Beer of the Gods
Throughout history there have been many drinks and foods that have been revered for their alleged “supernatural abilities.” Among those are the obvious: wine, bread, etc. But these pale in comparison to the wonders of beer and chocolate. Chocolate, much like malt, was once used as the primary sugar source in the brewing of an alcoholic beverage. Along with chili peppers, this chocolate beer was used in rituals and drank by royalty giving them divine powers. Making a tasty home brew is not the hard part. Incorporating the flavors of chocolate into our favorite home brew recipes is the next step. Depending on how it is done can yield varying results.
Extraction, Essence, or …
The simplest way to add chocolate flavor to any of your tasty home brews is to buy chocolate extract from the grocery store and add it to your finished product. This will allow you to taste chocolate flavor on its basic level in any brew that you add it to. This is not exactly the best way to get chocolate flavor in your brews because extracts produce very powerful and one-dimensional chocolate flavor. Instead, you can make your own extract by using cacao nibs, which are the rawest form of chocolate you can buy. To make the extract, simply blanch the nibs in a pot of boiling water for a few seconds. You then add the blanched nibs to a mason jar or some kind of sealable container with vodka, rum, bourbon, or some other kind of spirit. Cover the nibs with about a half an inch of liquid. Letting this sit for a few days will give you your own chocolate extract made with an interesting twist. The third way to get a chocolate flavor into your tasty home brew would be to use a combination of the different chocolate malts available, such as chocolate, pale chocolate, dark chocolate and chocolate wheat. Using various combinations of these can give you different kinds of chocolate flavors, from very bitter to an almost milk chocolate.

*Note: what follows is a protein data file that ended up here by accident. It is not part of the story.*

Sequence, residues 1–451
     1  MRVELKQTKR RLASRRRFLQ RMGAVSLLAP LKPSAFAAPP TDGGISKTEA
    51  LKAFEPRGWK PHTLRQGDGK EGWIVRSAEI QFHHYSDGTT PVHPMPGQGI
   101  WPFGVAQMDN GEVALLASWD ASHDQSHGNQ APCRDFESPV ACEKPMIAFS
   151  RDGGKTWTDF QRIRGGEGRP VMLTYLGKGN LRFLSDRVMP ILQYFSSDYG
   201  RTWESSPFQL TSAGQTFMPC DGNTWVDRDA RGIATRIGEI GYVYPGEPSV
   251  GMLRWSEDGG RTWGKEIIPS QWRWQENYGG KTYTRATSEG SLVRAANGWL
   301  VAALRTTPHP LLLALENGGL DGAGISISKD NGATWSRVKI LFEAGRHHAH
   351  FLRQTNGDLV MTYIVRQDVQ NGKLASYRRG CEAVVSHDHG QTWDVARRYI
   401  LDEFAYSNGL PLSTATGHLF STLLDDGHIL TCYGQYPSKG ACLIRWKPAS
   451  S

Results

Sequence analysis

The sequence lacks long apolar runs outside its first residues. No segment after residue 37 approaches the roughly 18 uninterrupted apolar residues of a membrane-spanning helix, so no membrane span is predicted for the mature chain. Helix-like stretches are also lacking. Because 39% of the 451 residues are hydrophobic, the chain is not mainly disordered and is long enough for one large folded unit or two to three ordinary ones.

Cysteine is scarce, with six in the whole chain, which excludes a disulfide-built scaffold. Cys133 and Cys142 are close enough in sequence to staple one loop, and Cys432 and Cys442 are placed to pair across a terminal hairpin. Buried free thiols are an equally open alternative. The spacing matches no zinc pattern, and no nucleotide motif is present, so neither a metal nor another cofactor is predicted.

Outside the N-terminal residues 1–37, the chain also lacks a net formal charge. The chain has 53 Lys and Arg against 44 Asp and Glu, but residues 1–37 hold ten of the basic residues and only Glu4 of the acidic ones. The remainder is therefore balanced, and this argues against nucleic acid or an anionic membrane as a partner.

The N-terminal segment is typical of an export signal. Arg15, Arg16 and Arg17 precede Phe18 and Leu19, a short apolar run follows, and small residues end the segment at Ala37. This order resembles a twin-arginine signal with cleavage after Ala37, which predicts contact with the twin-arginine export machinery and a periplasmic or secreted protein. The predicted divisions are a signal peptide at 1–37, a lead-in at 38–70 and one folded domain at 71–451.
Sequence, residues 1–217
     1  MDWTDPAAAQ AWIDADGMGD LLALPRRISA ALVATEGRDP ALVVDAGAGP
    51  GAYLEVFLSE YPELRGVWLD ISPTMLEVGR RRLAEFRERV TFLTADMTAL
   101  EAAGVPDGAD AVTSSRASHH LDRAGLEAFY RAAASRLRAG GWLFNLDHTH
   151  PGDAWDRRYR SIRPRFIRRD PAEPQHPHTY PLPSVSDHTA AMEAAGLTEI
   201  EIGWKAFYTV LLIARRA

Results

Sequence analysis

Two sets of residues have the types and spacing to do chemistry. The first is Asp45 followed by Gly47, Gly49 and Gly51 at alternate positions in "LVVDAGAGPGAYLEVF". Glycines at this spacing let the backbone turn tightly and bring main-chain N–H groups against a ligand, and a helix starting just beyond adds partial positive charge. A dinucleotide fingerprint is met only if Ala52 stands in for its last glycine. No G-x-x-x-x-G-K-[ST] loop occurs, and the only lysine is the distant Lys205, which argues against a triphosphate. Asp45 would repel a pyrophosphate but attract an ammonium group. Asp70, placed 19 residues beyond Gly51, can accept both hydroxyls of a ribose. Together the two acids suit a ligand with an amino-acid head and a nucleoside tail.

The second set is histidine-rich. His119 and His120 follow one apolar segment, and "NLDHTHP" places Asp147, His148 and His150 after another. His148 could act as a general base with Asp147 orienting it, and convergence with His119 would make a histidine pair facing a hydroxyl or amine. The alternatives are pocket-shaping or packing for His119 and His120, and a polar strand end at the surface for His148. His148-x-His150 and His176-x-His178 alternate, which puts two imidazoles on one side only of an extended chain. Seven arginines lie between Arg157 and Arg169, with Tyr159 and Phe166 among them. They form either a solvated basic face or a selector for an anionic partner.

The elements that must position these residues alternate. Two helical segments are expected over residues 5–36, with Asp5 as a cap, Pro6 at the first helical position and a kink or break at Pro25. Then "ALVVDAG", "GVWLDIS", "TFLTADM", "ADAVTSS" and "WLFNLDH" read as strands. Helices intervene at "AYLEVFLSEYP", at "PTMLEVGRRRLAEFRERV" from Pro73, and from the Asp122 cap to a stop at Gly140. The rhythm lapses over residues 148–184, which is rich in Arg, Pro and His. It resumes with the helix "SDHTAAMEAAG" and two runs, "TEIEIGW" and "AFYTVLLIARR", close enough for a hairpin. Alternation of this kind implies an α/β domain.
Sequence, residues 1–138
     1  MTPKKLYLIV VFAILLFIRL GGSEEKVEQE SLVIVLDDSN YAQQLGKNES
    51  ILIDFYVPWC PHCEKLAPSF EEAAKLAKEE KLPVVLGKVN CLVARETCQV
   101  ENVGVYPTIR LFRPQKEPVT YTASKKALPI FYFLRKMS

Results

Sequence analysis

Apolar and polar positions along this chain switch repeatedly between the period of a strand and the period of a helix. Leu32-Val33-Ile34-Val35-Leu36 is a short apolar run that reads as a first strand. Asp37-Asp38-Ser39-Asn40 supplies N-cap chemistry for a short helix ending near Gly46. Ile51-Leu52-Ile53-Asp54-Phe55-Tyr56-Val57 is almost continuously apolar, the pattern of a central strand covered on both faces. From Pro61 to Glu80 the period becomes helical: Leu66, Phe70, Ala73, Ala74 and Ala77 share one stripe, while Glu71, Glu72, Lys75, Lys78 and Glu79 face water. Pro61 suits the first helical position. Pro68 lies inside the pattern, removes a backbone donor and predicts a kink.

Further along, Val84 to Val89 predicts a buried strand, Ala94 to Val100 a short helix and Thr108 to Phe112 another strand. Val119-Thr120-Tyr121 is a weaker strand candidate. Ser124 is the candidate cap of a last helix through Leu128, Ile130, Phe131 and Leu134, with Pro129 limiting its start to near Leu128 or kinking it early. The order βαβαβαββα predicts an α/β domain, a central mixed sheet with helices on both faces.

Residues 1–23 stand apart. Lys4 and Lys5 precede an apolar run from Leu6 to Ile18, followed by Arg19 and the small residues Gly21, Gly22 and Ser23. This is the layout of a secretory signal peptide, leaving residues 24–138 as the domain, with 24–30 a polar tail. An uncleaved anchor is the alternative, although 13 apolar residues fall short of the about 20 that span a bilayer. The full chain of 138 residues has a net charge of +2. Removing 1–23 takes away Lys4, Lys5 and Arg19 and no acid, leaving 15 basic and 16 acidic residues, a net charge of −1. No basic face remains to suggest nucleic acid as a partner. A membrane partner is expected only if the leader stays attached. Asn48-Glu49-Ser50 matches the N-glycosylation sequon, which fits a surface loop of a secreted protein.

What to Mix
Now that you are armed with your flavored chocolate extract: what beer do you brew to get the most out of those flavors? The obvious styles are stouts and porters because these styles already have subtle notes of chocolate in them. Building on those notes we can add our extract to the keg or secondary, sampling to insure we get the amount of chocolate we are looking for. When we build our porter recipe we can go heavy on some of the caramel malts or add a little bit of lactose to bring out some more sweet flavors, giving our beer more of a chocolate milk-like flavor. If you aren’t looking for that much chocolate and just want a hint of flavor, there are different ways to get more subtle cocoa notes. We can take our porter recipe and add between a half and a full pound of some pale chocolate malt to round out the existing chocolate notes without actually using any chocolate. Thinking about what flavors you are looking for and then building from flavors that are already in your tasty home brew is the best way to achieve the balance that works best for you.
The Past is Now
Paying homage to our ancient brewing brothers with these tasty beer offerings is a great way for us to join the ever-changing brewing history. Perhaps one day a million years from now an archaeologist will find your brewing notes and make a brew based on your experimentations, which will then tie them to the immortal history of brewing with chocolate.